Researchers develop mechanically robust and self-healable perovskite solar cells

A multi-institution team of researchers, led by the Davidson School of Chemical Engineering at Purdue University, has reported a breakthrough in the flexible solar cell field that may contribute to the development of solar cells on flexible surfaces, including ultra-flexible and wearable energy-harvesting devices.

Perovskite composite material heals after mechanical damage and is demonstrated in flexible solar cells image

“Our research is unique in that we have created the first mechanically self-healing perovskite material,” says Blake Finkenauer, lead author of the study and a fourth-year graduate student with Dr. Letian Dou, the Charles Davidson Assistant Professor of Chemical Engineering at Purdue. “Self-healing mechanical damage has only been realized in the organic materials field, typically with insulating materials. By joining dissimilar perovskite and polymer materials, a composite material with both semiconducting and self-healing properties is realized. The polymer acts as a molecular bonding agent with the crystals, which improves both the thermal and mechanical stability compared to the pure perovskite material".

CITYSOLAR project to develop perovskite/OPV hybrids for photovoltaic windows

A new EU project called "CITYSOLAR" aims to revolutionize the market for transparent solar cells for windows by combining two photovoltaic (PV) technologies in a tandem configuration. The project has received 3,779,242 EUR in support from the H2020 framework programme. Transparent solar cells for windows have been known for several years, but are still not sufficiently efficient - which is what the new project will attempt to change.

“We develop new innovative concepts within light management and solar module integration that are specifically targeted at new promising organic and hybrid thin film PV technologies, and by that we go significantly beyond state-of-the-art in terms of efficiency for transparent photovoltaics. It’s a revolutionary new concept,” says Professor Aldo di Carlo, Cnr-Ism, who is coordinator of the new project and is thrilled about the support of "CITYSOLAR" from the H2020 framework.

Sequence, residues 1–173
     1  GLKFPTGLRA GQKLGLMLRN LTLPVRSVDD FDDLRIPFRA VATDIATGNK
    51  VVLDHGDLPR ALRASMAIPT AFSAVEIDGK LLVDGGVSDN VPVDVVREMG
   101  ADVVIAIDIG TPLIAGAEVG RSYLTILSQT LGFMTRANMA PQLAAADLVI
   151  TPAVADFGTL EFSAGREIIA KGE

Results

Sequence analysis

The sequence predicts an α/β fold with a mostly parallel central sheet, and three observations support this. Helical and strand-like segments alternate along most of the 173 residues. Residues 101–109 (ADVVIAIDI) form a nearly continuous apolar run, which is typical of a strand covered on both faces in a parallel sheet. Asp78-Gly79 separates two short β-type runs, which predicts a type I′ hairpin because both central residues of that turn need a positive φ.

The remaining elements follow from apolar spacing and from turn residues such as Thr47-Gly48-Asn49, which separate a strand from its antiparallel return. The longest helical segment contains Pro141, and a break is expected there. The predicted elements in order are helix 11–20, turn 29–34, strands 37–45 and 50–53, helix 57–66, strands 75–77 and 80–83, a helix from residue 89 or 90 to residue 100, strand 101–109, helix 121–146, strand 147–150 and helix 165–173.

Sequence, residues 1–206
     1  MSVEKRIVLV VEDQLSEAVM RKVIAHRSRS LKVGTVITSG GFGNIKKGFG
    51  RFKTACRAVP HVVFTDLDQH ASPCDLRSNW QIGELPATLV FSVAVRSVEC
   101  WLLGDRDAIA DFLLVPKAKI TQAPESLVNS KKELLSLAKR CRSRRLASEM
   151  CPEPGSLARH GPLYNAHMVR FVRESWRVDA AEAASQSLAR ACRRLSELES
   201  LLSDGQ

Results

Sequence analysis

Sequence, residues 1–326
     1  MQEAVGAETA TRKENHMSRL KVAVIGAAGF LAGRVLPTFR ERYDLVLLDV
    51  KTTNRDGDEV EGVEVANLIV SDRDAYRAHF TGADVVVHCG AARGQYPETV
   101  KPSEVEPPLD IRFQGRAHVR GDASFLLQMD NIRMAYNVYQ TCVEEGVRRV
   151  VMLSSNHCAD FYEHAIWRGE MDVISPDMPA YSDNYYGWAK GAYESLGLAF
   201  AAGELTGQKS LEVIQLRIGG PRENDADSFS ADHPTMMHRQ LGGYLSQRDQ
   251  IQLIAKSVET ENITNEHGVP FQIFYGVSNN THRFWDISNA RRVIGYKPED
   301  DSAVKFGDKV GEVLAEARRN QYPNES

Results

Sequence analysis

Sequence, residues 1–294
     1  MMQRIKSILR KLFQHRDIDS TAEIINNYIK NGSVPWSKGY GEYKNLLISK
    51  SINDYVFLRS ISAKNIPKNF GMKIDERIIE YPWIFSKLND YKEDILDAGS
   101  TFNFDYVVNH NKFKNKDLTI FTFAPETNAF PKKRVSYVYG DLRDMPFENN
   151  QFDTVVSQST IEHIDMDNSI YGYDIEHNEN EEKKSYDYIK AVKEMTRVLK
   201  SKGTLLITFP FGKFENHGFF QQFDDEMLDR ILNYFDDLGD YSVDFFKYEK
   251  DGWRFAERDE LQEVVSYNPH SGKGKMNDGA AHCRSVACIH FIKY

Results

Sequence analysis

Researchers design new method to achieve directional polarized light emission from thin‐film LEDs

Researchers from North Carolina State University and the University of Texas have developed and demonstrated a new approach for designing photonic devices. The new method enabled the team to control the direction and polarization of light from thin-film LEDs, overcoming the widely known obstacles of beam shaping that arise from their Lambertian nature. Such LEDs with directional and polarized light emission could be useful for many photonic applications.

A new approach for designing photonic devices with directional light emission image

“This is a fundamentally new device architecture for photonic devices,” says Franky So, corresponding author of a paper describing the work and Professor of Materials Science and Engineering at NC State. “And we’ve demonstrated that, using our approach, directional and polarized emissions from an organic LED or a perovskite LED without external optical elements can be realized”.

Perovskites could help to dramatically lower the cost of electron sources

Rice University scientists, in collaboration with a team from Los Alamos National Laboratory (LANL), have reported a technology that could dramatically reduce the cost of semiconductor electron sources, key components in various devices that range from night-vision goggles and low-light cameras to electron microscopes and particle accelerators.